As word of Trayvon Martin's death hit national headlines some neighborhood watch groups across the country hoped the incident wouldn't shine a negative light on their efforts to help the community.
Volunteers launched the Pinch Neighborhood Watch group in Kanawha County over 3 years ago.
Volunteer Angela Brown said the community appreciated the safety of their community and wanted to keep it that way.
Brown said they don't do patrols either on foot or in vehicles. She said they work closely with local law enforcement to report suspicious activity that they see while going about their daily routine. Brown said they also take proactive measures to inform the community about possible dangers.
But she said members know they don't have the training or authority to do much more.
"We have not had the training that our police department has had to really step in and apprehend somebody or detain somebody," Brown said. "We have never asked that of our members."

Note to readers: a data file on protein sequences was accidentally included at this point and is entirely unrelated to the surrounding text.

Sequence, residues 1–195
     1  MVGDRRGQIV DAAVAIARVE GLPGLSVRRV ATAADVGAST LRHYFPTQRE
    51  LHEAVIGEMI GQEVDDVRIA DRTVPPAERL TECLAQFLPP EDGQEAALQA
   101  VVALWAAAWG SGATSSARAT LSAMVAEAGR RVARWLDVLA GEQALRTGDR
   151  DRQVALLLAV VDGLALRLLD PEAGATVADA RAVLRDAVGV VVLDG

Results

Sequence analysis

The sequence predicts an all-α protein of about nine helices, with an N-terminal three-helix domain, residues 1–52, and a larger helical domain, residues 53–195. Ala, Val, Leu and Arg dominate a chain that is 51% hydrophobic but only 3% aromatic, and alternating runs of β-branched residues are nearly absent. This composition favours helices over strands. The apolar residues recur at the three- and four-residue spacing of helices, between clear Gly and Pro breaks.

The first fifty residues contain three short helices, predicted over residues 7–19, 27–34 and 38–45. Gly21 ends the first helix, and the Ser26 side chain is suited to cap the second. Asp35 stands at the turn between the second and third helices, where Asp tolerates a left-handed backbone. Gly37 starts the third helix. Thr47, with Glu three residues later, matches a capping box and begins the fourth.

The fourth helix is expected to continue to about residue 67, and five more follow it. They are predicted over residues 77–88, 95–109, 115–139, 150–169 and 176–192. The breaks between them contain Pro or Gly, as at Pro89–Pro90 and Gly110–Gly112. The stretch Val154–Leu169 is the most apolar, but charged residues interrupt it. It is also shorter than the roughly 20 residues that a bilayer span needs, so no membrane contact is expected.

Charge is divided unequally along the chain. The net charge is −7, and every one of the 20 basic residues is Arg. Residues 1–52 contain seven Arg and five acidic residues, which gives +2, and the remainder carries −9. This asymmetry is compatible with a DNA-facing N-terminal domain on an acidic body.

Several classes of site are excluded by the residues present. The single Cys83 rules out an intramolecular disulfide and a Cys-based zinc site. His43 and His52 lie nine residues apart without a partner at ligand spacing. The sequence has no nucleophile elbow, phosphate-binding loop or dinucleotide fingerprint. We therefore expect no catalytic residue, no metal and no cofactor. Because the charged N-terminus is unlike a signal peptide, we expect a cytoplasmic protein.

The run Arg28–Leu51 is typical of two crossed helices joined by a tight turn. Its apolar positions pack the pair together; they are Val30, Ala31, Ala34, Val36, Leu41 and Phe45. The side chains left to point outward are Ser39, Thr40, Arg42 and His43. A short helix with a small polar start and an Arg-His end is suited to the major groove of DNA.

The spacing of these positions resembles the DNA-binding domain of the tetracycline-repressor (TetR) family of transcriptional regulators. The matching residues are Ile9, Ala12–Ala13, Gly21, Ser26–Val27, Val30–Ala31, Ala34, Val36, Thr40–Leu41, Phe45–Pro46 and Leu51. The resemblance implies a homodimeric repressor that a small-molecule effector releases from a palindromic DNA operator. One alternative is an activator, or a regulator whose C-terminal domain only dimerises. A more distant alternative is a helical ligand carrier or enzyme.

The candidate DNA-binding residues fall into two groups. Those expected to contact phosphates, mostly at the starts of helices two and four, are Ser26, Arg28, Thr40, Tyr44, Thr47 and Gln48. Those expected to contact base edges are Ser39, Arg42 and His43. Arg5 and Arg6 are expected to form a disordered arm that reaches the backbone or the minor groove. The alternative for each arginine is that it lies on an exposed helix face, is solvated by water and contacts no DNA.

The Omar Area Crime Watch in Logan County is an example of a group that does do regular patrols in the community. Larry Rogers is a member of the group and said some members do carry weapons. He said proper training and permits are required before that can happen.
Rogers said he personally has received death threats because of the Crime Watch's patrols. He said often times members can find themselves in dangerous situations. Volunteers are instructed to avoid confrontation and never to chase anyone, either in a vehicle or on foot. Rogers said the guns are solely for the personal protection of the individual doing the patrol. He said local law enforcement is contacted to handle any suspicious activity or concerns.
The National Sheriff's Association oversees several neighborhood watch groups across the country. Their manual states that neighborhood watch volunteers should not carry a weapon or chase anyone, advising instead that they should call the police and report what they observed.